Laying Down Food Law and Establishing European Food Authority Regulation (178/2002)

Title: Regulation Laying Down Food Law and Establishing European Food Authority

Category: EU Regulations

Date: 2002

Reference: 178/2002 [Full text]

General Description:

This Regulation establishes the common principles underlying food law and also creates a general framework. The main principles established are:

  • ensuring a high level of health protection;
  • ensuring the effective functioning of the internal market in safe food and feed;
  • establishing clear definitions to improve consistency and legal security;
  • a basis of high-quality, independent scientific advice following risk analysis;
  • the use of the precautionary principle to develop provisional measures where a risk is identified but further research is needed for a proper assessment;
  • the right of consumers to have access to accurate information;
  • ensuring the traceability of food, feed, ingredients and food-producing animals;
  • ensuring the primary responsibility for safe food and feed rests with businesses;
  • Member States should be responsible for food law;
  • an obligation to ensure that only safe food and feed are placed on the market;
  • recognition of Community obligations, especially in relation to trade;
  • transparent development of food law and access to relevant information;
  • and the responsibilities of feed businesses where their products or activities may have an adverse impact on food safety.

The European Food Authority (now known as the European Food Safety Authority) is intended to give effect to the principles and requirements of food law and to act as a key component to improve health protection and consumer confidence, and, most importantly, to provide the Community with independent scientific and technical advice on these issues.

By 1 January 2005 and every six years after that date, the Authority, in collaboration with the Commission, will commission an independent external evaluation of its achievements on the basis of the terms of reference issued by the Management Board in agreement with the Commission. The evaluation will be intended to assess the working practices and the impact of the Authority.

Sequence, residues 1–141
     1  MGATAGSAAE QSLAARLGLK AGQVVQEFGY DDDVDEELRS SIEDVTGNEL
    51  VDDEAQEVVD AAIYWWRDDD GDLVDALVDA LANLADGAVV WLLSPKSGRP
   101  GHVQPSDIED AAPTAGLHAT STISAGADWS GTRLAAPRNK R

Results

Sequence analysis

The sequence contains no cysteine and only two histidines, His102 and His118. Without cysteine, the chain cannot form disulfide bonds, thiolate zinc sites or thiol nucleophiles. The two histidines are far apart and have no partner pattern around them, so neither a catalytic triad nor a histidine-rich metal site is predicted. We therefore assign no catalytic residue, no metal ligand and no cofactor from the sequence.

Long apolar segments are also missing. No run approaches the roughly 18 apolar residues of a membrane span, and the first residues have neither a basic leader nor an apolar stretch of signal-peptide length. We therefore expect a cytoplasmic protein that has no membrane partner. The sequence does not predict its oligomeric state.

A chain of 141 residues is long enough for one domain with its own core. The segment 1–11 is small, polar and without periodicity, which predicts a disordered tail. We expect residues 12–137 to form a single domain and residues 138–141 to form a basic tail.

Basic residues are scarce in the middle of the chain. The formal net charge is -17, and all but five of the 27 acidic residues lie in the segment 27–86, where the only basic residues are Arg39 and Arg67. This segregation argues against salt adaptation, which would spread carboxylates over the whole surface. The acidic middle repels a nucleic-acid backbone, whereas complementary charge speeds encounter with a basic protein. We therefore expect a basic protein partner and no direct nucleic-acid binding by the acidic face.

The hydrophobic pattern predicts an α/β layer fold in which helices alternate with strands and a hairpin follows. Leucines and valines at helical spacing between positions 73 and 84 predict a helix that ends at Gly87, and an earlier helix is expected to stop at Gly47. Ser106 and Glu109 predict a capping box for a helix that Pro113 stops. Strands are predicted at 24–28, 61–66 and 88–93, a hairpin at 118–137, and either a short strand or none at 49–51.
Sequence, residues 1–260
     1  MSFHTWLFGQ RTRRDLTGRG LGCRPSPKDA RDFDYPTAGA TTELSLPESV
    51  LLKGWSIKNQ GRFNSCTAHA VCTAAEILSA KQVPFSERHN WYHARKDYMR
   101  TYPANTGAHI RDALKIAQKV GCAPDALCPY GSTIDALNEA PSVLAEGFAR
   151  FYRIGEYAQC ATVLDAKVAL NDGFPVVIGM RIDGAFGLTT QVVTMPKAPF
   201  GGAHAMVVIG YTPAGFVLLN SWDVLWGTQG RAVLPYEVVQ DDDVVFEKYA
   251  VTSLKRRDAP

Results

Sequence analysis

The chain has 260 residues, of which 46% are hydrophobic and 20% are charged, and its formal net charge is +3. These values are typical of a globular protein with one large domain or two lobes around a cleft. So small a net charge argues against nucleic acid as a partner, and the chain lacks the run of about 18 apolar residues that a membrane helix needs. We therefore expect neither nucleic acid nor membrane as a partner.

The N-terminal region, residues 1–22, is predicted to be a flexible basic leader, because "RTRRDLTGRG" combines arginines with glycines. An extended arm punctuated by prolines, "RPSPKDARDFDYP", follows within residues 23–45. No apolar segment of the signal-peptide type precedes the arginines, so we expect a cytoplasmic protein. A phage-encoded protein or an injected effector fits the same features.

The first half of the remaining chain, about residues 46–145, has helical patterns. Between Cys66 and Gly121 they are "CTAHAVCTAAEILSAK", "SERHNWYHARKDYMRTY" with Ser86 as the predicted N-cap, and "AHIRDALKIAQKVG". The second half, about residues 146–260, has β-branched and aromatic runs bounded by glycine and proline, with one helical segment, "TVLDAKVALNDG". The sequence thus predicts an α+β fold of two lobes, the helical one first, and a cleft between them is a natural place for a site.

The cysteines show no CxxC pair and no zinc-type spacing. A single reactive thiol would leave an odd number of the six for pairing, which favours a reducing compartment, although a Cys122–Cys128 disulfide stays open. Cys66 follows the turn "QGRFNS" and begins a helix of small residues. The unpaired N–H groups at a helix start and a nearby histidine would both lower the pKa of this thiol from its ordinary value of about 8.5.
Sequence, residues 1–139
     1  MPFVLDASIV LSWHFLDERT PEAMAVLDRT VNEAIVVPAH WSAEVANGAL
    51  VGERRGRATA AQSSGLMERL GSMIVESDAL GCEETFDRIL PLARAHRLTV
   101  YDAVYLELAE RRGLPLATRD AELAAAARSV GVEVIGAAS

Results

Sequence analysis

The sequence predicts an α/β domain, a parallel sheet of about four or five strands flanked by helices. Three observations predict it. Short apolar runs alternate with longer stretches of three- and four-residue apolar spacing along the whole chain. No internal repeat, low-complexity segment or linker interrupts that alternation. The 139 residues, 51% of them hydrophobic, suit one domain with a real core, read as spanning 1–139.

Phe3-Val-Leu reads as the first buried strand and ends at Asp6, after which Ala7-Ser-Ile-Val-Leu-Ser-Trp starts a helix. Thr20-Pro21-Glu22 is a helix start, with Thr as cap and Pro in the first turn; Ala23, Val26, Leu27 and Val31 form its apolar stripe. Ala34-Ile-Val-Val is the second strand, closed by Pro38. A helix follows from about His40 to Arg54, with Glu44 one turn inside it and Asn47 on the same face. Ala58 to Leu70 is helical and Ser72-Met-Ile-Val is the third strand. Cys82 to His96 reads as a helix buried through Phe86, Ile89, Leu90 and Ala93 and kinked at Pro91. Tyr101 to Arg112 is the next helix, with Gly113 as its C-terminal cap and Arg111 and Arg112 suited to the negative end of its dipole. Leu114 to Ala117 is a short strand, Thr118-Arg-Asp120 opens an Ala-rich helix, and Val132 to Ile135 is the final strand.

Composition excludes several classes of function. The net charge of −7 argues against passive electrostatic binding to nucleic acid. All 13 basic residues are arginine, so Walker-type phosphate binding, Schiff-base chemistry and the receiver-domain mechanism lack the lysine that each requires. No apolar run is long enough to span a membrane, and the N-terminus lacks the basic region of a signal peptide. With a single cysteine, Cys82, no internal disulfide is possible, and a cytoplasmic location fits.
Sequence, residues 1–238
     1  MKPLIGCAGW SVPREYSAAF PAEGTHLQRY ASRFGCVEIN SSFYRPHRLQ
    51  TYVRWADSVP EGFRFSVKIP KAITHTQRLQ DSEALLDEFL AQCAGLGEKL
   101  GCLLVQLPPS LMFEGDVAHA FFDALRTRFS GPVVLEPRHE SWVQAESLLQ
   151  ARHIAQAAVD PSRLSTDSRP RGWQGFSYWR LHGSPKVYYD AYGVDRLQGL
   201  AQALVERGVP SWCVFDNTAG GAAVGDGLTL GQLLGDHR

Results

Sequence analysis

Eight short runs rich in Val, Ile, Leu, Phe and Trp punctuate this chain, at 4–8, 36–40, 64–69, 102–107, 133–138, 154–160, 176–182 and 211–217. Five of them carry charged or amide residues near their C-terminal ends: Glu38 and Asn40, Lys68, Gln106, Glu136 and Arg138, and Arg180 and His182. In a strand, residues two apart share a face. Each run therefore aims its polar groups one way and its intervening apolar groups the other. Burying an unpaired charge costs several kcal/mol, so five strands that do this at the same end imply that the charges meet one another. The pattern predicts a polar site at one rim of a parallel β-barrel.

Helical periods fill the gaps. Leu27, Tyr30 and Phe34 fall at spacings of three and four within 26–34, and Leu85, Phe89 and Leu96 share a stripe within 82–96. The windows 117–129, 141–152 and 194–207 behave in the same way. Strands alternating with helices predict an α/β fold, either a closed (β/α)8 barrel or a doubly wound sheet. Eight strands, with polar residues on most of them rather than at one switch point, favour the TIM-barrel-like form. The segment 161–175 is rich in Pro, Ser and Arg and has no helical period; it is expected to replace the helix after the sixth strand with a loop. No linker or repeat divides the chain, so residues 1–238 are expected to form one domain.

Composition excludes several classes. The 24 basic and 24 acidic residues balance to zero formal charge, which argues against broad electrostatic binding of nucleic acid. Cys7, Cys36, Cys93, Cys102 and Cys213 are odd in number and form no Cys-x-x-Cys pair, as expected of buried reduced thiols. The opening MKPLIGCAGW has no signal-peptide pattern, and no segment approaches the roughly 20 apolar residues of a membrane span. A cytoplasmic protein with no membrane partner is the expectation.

Food quality and safety will be strongly improved by this regulation. The aim of this regulation is to improve food quality and safety, to protect consumers against false claims and product information and further to promote fair trade. Thus, the new system enables consumers to be provided with targeted and accurate information concerning the products.

This regulation requires that all stakeholders within the food supply chain (agriculture and feed producers, food manufacturers, retailers, etc.) must be able to identify the source of all raw materials and ingredients and also to whom the products have been sold. The food companies must develop and use new identification systems and data handling procedures and these must often be integrated into their quality management system and their HACCP system. Several product-specific traceability regulations have been prepared, for example on meat, fish and genetically modified products and more are in the pipeline. Further, international standardization organisations are working hard to develop standards to be used, such as Codex and CEN.

Pertinence to Agriculture: Food, Food Production, Food Safety

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